Jump to content
  • 0

Voc Rehab Ideas



I was recently approved for Voc Rehab and attended the initial "class" at the VARO in San Diego. I applied for TDIU 6 months ago in addition to currently being evaluated for TBI (Had 3 of 4 exams - 4th is on Tuesday) - already diagnosed at VA, just doing the QTC thing now. I went to night school for ten years on Active Duty and was set to grad with my Bachelors Degree when I left to Iraq (had to drop last two classes). When I came home I enrolled in the last two classes and just couldn't complete the classes - had not yet been diagnosed w PTSD so I didn't know what was wrong, just knew Somthing was wrong and dropped out. I just got my degree completion review from the college and luckily they are using the same catalog - I still only need two more classes to get my Bachelors Degree in Poli Sci.

Here's my question: I would like to get training in Radiology or some other "skill" that could get me a job once I finish training. Getting my degree is important, but it's not like I'm going to graduate and get a job as a "Political Scientist." It would seem to me that Voc Rehab would better serve the Vet by having different career paths for us to choose training in along with job placement in a Federal Job once complete - almost like when you go in the Military. Probably asking too much, but at the end of the day, that's what I keep being told that Voc Rehab is for.

So my big question is, are there certain careers/fields that Voc Rehab has been more successful in getting Vets trained and placed in jobs. Any ideas would be appreciated.

Edited by Pablo22
Link to comment
Share on other sites

  • Answers 3
  • Created
  • Last Reply

Top Posters For This Question

3 answers to this question

Recommended Posts

So there really are no ideas? Nobody has thought to put into place a program that would provide training AND job placement for disabled vets? Can anyone even tell me what are the "popular" or more common training and or schools that people in the Voc Rehab program go into?

Link to comment
Share on other sites

I don't think there is any specific area, the basis for the training is for the veteran to find a job that does not make their disabilities worse, whatver that my be from being a barber to more educational training it depends on your aptitude from the test you took and your goals. hope this helps good luck.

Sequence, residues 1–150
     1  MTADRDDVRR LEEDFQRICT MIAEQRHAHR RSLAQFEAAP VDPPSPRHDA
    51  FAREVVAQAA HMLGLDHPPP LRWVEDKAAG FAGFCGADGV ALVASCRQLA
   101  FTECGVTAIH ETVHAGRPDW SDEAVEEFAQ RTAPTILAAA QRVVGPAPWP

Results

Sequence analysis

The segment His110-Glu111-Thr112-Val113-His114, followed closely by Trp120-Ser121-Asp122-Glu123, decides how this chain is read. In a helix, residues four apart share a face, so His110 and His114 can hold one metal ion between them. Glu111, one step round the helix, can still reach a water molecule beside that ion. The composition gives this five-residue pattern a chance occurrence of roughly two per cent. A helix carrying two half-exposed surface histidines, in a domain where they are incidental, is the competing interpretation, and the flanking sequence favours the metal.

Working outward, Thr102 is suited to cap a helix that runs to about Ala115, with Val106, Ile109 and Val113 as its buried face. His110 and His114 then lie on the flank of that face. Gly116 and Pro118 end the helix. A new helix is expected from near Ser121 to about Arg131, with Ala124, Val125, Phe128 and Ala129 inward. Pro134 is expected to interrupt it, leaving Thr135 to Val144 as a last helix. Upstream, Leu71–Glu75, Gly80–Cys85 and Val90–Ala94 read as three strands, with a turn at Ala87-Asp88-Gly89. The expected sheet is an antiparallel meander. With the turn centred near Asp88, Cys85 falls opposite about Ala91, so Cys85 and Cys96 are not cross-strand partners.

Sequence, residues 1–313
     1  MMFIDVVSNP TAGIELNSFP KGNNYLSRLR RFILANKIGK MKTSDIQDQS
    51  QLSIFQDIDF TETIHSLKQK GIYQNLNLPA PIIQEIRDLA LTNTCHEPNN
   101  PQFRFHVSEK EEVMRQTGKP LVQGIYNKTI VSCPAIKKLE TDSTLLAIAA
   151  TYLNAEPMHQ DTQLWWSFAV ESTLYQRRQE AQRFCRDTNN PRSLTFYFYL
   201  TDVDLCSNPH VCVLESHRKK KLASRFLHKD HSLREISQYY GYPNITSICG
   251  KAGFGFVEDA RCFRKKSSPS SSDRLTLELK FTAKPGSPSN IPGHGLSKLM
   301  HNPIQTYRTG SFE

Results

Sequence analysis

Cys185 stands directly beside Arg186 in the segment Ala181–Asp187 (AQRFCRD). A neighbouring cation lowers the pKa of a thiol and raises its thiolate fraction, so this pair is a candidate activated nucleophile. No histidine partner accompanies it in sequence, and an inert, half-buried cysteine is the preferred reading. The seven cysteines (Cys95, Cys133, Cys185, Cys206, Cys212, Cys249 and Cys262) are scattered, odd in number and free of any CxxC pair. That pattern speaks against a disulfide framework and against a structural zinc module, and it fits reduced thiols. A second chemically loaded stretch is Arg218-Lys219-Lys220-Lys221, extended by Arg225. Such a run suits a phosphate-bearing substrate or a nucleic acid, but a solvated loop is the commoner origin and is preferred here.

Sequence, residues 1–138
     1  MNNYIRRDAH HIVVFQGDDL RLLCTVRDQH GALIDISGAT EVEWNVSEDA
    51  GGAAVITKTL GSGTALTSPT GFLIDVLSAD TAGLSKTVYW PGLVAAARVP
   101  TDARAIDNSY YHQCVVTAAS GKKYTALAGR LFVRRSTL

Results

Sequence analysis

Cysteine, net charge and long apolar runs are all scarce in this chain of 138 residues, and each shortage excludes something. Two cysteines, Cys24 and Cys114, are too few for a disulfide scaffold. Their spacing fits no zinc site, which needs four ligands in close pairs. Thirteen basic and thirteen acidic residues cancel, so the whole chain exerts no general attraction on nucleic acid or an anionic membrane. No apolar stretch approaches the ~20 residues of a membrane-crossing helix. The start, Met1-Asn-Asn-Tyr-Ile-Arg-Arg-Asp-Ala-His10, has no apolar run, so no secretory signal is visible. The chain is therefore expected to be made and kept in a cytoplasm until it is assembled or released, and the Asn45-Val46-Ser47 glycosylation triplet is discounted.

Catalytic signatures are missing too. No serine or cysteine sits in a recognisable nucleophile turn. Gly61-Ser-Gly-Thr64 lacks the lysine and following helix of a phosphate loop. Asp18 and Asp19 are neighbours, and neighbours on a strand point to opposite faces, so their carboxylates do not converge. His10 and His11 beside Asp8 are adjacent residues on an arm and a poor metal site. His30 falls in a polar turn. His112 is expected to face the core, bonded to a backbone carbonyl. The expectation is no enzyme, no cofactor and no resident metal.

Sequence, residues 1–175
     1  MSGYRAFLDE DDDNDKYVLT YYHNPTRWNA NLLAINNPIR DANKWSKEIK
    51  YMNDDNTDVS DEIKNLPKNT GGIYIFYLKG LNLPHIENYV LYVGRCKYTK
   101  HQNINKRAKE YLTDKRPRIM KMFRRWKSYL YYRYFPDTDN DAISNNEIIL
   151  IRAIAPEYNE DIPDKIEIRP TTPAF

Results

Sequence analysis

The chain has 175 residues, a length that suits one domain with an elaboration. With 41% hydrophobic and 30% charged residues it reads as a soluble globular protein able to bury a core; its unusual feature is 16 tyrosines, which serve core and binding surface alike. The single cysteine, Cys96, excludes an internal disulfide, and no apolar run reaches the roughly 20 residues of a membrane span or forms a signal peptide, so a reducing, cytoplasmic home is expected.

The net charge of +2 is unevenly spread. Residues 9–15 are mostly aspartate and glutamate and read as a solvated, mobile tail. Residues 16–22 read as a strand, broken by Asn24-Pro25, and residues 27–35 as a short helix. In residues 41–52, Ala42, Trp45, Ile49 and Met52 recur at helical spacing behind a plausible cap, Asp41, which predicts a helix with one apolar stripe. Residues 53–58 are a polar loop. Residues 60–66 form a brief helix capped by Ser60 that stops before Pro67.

Link to comment
Share on other sites

I went through the Houston RO... you have to do research in several fields that interest you (according to their test) and prove that there is expected growth in the field that you want to pursue.....they (Houston) really were encouraging of medical professions and accounting. With your choices you also have to consider your physical ability to perform the work successfully with your disabilities.

Hope this was helpful.

Link to comment
Share on other sites

Join the conversation

You can post now and register later. If you have an account, sign in now to post with your account.
Note: Your post will require moderator approval before it will be visible.

Answer this question...

×   Pasted as rich text.   Paste as plain text instead

  Only 75 emoji are allowed.

×   Your link has been automatically embedded.   Display as a link instead

×   Your previous content has been restored.   Clear editor

×   You cannot paste images directly. Upload or insert images from URL.

  • veteranscrisisline-badge-chat-1.gif

  • Advertisemnt

  • 14 Questions about VA Disability Compensation Benefits Claims


    When a Veteran starts considering whether or not to file a VA Disability Claim, there are a lot of questions that he or she tends to ask. Over the last 10 years, the following are the 14 most common basic questions I am asked about ...
    Continue Reading
  • Most Common VA Disabilities Claimed for Compensation:   


  • Advertisemnt

  • VA Watchdog

  • Advertisemnt

  • Ads

  • Can a 100 percent Disabled Veteran Work and Earn an Income?

    employment 2.jpeg

    You’ve just been rated 100% disabled by the Veterans Affairs. After the excitement of finally having the rating you deserve wears off, you start asking questions. One of the first questions that you might ask is this: It’s a legitimate question – rare is the Veteran that finds themselves sitting on the couch eating bon-bons … Continue reading

  • Create New...

Important Information

{terms] and Guidelines